Henri-Dominique Lacordaire (1802-1861)
Essay on the Re-Establishment in France of the Order of the Preachers,
(Original french, Paris, 1839) Edited by S. Tugwell OP
Dominican Sources, Blackfriars Publications, Oxford 1983.
The Catholic church, considered from the point of view of the hierarchy which governs the christian body, is called the "teaching church." This is the name which tradition gives her, and Jesus Christ himself so called her in the famous last words which he addressed to his apostles: "Go and teach all nations, baptizing them in the name of the Father and of the Son and of the Holy Spirit, teaching them to observe all that I have told you. " Her very title alerts the hierarchical church to the fact that her principal ministry is to teach, because it is from teaching that faith comes, and faith is the source of all the other christian virtues. The sacraments themselves are meant to give light to the soul as well as warmth. Now Catholic teaching, to be complete, needs apostles, pastors and doctors. The apostle brings the truth to those who do not yet know it: he is a traveller, going about like Jesus Christ himself through towns and villages, talking with people and preaching, announcing that the kingdom of God is near, using a language which is suited to the ideas of the peoples to whom he dedicates himself. The pastor teaches the flock when it is already formed: he stays in the same place, available day and night to his people. His language is that of a man who is perfectly sure of the community of ideas which unites him to the assembly of the faithful, so he does not invoke pagan traditions and the evidence of secular poets, as St Paul did before the Areopagus, he invokes only Jesus Christ, "the author and perfecter of Faith." The doctor is responsible for teaching the clergy and for defending the truth by means of scientific controversy. He is a man of study, spending his life amid the deposit of tradition and contemplating, from the highest point of view possible to the human mind, the divine connection which binds together all the phenomena and all the ideas which make up the movement of the universe.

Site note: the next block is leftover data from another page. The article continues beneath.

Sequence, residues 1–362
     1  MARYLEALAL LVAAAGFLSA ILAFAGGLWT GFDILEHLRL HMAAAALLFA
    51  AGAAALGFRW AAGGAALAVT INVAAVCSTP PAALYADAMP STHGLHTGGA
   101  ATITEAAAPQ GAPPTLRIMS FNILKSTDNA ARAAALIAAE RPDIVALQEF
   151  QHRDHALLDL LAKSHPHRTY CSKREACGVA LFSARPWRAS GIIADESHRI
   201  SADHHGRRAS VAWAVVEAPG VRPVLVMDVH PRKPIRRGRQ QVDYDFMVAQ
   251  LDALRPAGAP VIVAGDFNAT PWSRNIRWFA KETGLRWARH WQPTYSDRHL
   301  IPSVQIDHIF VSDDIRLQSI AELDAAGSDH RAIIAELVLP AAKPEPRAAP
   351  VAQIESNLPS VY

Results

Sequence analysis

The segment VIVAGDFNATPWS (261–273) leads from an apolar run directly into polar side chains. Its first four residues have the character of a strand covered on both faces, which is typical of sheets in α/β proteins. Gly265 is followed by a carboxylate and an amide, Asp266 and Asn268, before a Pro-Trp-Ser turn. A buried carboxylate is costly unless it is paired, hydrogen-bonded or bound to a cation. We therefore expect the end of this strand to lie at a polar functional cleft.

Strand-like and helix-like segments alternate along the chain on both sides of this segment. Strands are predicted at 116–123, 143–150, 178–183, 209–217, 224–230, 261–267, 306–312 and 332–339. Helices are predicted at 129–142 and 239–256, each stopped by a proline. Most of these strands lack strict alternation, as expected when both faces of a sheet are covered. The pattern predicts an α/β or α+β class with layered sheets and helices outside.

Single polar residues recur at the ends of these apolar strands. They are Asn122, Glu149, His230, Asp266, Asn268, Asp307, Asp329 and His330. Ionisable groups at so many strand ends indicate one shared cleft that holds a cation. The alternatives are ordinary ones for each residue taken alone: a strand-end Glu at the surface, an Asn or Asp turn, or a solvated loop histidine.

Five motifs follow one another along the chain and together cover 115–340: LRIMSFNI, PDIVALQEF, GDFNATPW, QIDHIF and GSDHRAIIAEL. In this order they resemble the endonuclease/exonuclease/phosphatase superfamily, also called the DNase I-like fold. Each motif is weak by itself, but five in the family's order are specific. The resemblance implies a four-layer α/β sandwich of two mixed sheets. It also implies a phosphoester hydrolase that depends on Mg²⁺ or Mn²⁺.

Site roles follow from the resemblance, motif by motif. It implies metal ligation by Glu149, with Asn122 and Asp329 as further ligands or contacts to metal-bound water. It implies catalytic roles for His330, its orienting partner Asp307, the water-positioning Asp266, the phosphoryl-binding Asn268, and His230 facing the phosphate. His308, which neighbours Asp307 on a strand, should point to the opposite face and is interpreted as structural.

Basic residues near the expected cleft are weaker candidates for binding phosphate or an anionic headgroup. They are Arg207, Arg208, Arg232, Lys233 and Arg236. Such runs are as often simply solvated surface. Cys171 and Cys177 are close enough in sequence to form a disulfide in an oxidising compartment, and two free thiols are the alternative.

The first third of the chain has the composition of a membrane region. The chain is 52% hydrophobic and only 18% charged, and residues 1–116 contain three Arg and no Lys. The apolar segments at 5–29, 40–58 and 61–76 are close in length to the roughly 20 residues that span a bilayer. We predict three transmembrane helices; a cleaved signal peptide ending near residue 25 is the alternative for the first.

These three modes of teaching, different in their methods but united in their objective, are represented by the three great apostles, St Peter, St Paul and St John. […]
At the beginning of the church, these three great functions of apostolic, pastoral and scientific teaching were not normally separated. […]
The order created by St Dominic is not, then, a monastic order, but an association of friars, combining the strength of common life with the freedom of external action, apostolate with personal sanctification. The salvation of souls is its primary objective, and teaching its principal means. "Go and teach," said Jesus Christ to his apostles; "Go and teach," repeated Dominic. His disciples have to undergo one year of spiritual novitiate, followed by nine years of philosophical and theological studies to prepare them for a competent performance in pulpits and universities. But, although preaching and teaching are their two favourite weapons, no work which is useful to their neighbours is outside their vocation.
In the order of St Dominic, as in the Roman republic, "The welfare of the people is the highest law." This is why, except for the three vows of poverty, chastity and obedience, which are a necessary bond in any religious association, the rules of the order do not of themselves bind under pain of sin, and superiors have a permanent right to dispense people from them, so that the yoke of common life will never interfere with the freedom to do good. […] And secondly, if God were to grant us the power to create a new religious order, we are sure that, after much reflection, we should discover nothing newer or more adapted to our time and its needs than the rule of St Dominic. Nothing about it is old except its history, and we should see no need to torment our mind simply for the pleasure of dating from yesterday.
St Dominic, St Francis of Assisi and St Ignatius, in adapting the religious state to the propagation of the gospel by teaching, have exhausted all the basic combinations in which this adaptation could be expressed. You might produce new habits and new names, but you will not change the real nature of these three celebrated societies. If the history of the Friars Preachers is vulnerable to certain objections in the minds of our contemporaries, the same is true of the history of the church at large.